My husband and I met very young and had kids right away. It’s now 25 years later and the kids are off to college, our life together is comfortable. We’re still in love, and everything should be perfect. Except it’s not. I have recurring fantasies of just leaving everything behind, moving to the other coast, and starting over all by myself. I dream of finding a small apartment, furnishing it exactly as I want, leaving a mess when I don’t feel like cleaning up, eating whatever and whenever I want, and basically being a single girl in my 20s, minus the dating and insecurities. I wouldn’t mind if my husband and children visited, but there’s something in me that craves distance and my own space. I have no desire to find another man; I just want to be alone. I’ve been finding excuses to travel solo simply because staying by myself in a hotel is the closest thing to fulfilling my fantasy. I order room service, binge watch movies, and just revel in my solitude. I wish I had an excuse like a job offer or degree program far away to make such a move possible. I would probably want to come home after a while—a year, maybe two—but who knows? I might love living alone too much to give it up. Part of me also feels guilty for wanting this because my husband is adamant that he wouldn’t want to be without me. I’ve tried to talk him into getting separate bedrooms for years, and he refuses. I also imagine that someday I will probably be widowed and have exactly what I’m dreaming of, and at that point I’ll miss him terribly and feel foolish for wanting this now. Is this impulse bizarre and unhealthy? Is it a phase I should just grit my teeth and barrel through? Is it something that will eat away at me until I get off my ass and do it? Can I do it without hurting him too much?
—Dreaming of Solitude (DoS)
Here’s my prediction on most people’s gut reaction to reading this, “What a whiny, self-centered, loser. She’s symbolic of everything that’s wrong with the U.S. today!” I read it differently and not just because I’m a huge fan of solitude. I feel for DoS because her dilemma highlights a central challenge in any long-term committed relationship.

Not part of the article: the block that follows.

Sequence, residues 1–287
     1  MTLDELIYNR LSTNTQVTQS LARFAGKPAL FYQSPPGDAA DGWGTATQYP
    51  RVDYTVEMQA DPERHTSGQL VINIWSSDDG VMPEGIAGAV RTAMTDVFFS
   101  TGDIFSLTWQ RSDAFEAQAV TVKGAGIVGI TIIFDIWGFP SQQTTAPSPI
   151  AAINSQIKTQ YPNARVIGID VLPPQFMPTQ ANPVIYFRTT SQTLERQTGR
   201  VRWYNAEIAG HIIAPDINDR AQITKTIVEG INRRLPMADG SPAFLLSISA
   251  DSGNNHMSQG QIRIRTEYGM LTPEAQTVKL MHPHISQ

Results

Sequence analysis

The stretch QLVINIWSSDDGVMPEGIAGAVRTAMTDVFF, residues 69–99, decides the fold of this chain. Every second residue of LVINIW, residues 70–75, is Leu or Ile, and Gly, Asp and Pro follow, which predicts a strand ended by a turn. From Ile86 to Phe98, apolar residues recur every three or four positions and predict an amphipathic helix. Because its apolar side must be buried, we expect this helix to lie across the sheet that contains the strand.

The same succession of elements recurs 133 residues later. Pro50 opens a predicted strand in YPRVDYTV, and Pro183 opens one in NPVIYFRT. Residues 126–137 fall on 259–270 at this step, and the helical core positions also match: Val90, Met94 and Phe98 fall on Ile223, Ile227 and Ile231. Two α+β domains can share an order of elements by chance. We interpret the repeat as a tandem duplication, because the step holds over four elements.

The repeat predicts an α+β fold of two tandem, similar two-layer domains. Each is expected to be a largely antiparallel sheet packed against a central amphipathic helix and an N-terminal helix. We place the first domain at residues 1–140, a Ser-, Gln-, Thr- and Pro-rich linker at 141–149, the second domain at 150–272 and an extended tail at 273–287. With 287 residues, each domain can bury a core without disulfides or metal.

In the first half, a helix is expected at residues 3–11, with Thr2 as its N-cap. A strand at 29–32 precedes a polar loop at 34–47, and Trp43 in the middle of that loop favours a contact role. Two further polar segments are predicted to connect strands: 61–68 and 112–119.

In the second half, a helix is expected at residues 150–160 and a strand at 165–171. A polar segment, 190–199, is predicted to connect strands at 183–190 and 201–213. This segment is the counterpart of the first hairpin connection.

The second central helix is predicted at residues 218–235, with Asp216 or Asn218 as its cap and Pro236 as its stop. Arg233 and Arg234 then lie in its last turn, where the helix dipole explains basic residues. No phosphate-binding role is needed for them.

For peace to prevail over time, you have to do two things. First, you have to consciously ignore most of the low-level aggravating things your partner does on a daily basis. For example, The Good Wife has to try to accept the fact that I selfishly turn off the bedroom light at night whenever I’m ready to sleep whether she’s mid-paragraph in her book or not. She has to try to accept the fact that right at that moment I’m thinking more about my running partners waiting outside for me in seven hours than I am her. And she has to do that type of thing every day in myriad ways because I’m a selfish pig.
Second, you have to continuously shake off a steady stream of low-level irritants without allowing so much resentment to build that it eventually bubbles over in grand gestures to have separate bedrooms (where I can be in control of the lighting my own damn self) or to live three thousand miles apart. That balance, having decent enough communication to talk about and work through low-level resentments (The Good Wife, “In the future, could you please ask me if you can turn out the light so I can at least finish my sentence?”) is an exceedingly delicate balancing act that’s easier to get wrong than right.
In my reading of DoS’s letter, the key phrase is this, “. . . furnishing it exactly as I want, leaving a mess when I don’t feel like cleaning up, eating whatever and whenever I want.” Three annoyances that by themselves wouldn’t amount to much or even if taken together for a short period of time probably wouldn’t amount to much. But the longer they’re not talked about in the light of day, they metastasize and drive a wedge between otherwise intimate people.
Imagine if DoS had come clean with her husband about her feelings years earlier. Three separate dinner discussions. The first. “For a long, long time, I haven’t felt enough freedom to decorate differently.” The second, “For far too long, I haven’t felt nearly free enough to be more messy.” The third, “For as long as I can remember I haven’t felt sufficient freedom to eat whatever I want at whatever time I want.” If the husband is as good a guy as he seems to be, he’d be sympathetic and try to be much more understanding of her need for those particular freedoms.
There’s no guarantee those conversations would go so well that the resentment would dissipate to the point where moving across the country wouldn’t be necessary, but not having them is a larger risk. By not having them the husband is in for a major surprise, one he doesn’t deserve if she’s said too little for too long.
Postscript: I thought I had turned the comments back on awhile ago, but learned today I had not. They’re back on. So comment away on Cornell West, Michael Eric Dyson, Ms. Dreaming of Solitude, or whatever you want to get off your chest about those you’re most intimate.